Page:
The difference between international crude oil prices and that of the United States, commonly known as oil spreads, is declining. This is triggering worries for refinery operators. The current oil market backdrop was partly created by the recent spat in OPEC, as the United Arab Emirates and Saudi Arabia are yet to figure out a deal to satisfy their economic needs, thereby resulting in market volatility. The scheduled meeting between OPEC and non-OPEC members (OPEC+) to be held last Monday was cancelled, triggering market uncertainty and a decrease in Brent Crude price.
Even though the U.S. benchmark, WTI Crude price, has somewhat declined due to the ongoing volatility, its difference from Brent Crude has decreased significantly. Yesterday, the difference declined to $1.23 per barrel at one point, which is strikingly low considering the past few years’ average spread of around $5.50 per barrel. This tightening oil spread condition is putting stress on refining companies, which prefer way higher international prices to earn major profits from their exports. Strong fuel price in the international market and weak oil price in the domestic market is the ideal scenario for companies like
Valero Energy Corporation ( VLO Quick Quote VLO - Free Report) , Marathon Petroleum Corporation ( MPC Quick Quote MPC - Free Report) , HollyFrontier Corporation ( HFC Quick Quote HFC - Free Report) and others, which is not the case at the moment.
RBC Capital Markets analyst Michael Tran opines that the lack of U.S. crude inventories, currently at around 31 million barrels deficit from normal points, is putting an upward pressure on domestic crude prices. Moreover, rapid recovery of the U.S. economy is boosting demand, aiding the price levels. While the situation is getting tighter for refinery owners, upstream companies are enjoying high prices for their commodities. Crude prices have surged from last year’s historic crash, boosting the bottom line of companies like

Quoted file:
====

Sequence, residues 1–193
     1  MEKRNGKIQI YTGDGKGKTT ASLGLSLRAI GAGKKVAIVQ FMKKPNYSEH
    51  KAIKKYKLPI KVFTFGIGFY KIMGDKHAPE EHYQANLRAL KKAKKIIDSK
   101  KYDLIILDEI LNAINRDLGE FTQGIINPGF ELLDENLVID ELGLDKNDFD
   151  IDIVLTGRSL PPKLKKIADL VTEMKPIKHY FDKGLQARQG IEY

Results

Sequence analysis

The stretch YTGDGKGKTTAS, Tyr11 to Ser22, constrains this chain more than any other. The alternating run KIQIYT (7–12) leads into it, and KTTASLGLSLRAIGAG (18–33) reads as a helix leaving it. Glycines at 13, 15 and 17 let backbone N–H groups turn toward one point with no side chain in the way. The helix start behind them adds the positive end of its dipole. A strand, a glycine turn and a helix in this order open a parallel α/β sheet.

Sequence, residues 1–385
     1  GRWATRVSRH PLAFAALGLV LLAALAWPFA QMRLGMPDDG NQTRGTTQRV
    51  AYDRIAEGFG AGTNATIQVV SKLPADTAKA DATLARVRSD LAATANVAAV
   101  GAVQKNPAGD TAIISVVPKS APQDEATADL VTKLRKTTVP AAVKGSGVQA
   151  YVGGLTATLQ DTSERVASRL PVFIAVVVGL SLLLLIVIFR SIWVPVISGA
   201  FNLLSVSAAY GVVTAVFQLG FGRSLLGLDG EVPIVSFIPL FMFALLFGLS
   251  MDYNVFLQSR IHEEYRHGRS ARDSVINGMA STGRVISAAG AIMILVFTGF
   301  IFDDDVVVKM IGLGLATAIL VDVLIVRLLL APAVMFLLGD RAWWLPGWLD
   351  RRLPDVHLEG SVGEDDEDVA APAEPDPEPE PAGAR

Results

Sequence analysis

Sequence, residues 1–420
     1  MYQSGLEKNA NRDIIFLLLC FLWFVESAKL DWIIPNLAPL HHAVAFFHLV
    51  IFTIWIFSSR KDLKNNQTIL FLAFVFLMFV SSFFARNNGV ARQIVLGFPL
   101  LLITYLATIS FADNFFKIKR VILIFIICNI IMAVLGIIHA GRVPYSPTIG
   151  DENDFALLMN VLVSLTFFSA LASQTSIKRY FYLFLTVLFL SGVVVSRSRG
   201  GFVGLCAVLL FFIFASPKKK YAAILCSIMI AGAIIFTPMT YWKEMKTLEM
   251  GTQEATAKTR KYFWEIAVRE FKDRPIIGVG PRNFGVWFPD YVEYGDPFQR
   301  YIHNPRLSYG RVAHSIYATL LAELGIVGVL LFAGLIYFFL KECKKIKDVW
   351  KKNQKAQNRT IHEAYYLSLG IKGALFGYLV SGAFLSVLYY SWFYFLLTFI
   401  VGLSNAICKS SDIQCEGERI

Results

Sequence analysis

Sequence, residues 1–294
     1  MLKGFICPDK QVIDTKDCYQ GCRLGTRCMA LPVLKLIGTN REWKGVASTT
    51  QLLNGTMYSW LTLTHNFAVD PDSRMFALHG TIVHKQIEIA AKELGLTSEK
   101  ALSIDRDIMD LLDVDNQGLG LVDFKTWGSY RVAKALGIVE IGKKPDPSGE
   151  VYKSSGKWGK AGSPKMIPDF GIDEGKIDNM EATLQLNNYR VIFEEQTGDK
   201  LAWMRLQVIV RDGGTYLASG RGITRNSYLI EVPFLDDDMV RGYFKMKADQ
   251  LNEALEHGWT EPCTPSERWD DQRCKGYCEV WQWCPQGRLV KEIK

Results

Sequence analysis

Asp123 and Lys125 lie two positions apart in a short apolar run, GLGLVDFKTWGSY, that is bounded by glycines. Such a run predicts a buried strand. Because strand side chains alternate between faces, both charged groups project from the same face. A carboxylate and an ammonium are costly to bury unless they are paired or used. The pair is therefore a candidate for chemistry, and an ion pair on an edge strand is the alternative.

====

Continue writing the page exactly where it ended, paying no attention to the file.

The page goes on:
ConocoPhillips ( COP Quick Quote COP - Free Report) , Hess Corporation ( HES Quick Quote HES - Free Report) and others. Both these companies currently have a Zacks Rank #1 (Strong Buy). You can see the complete list of today’s Zacks #1 Rank stocks here.
However, the current paradise for oil producers is anything but sustainable. If the spat in OPEC+ continues, a risk of unrestricted production from the member countries coming back to the market looms large on many investors’ minds. This can potentially destroy the momentum gathered by the market in the last few months. As such, a faster collaboration between the OPEC+ members and a concrete deal can provide some stability in this volatile scenario. This will also protect the growth momentum of the world economy.
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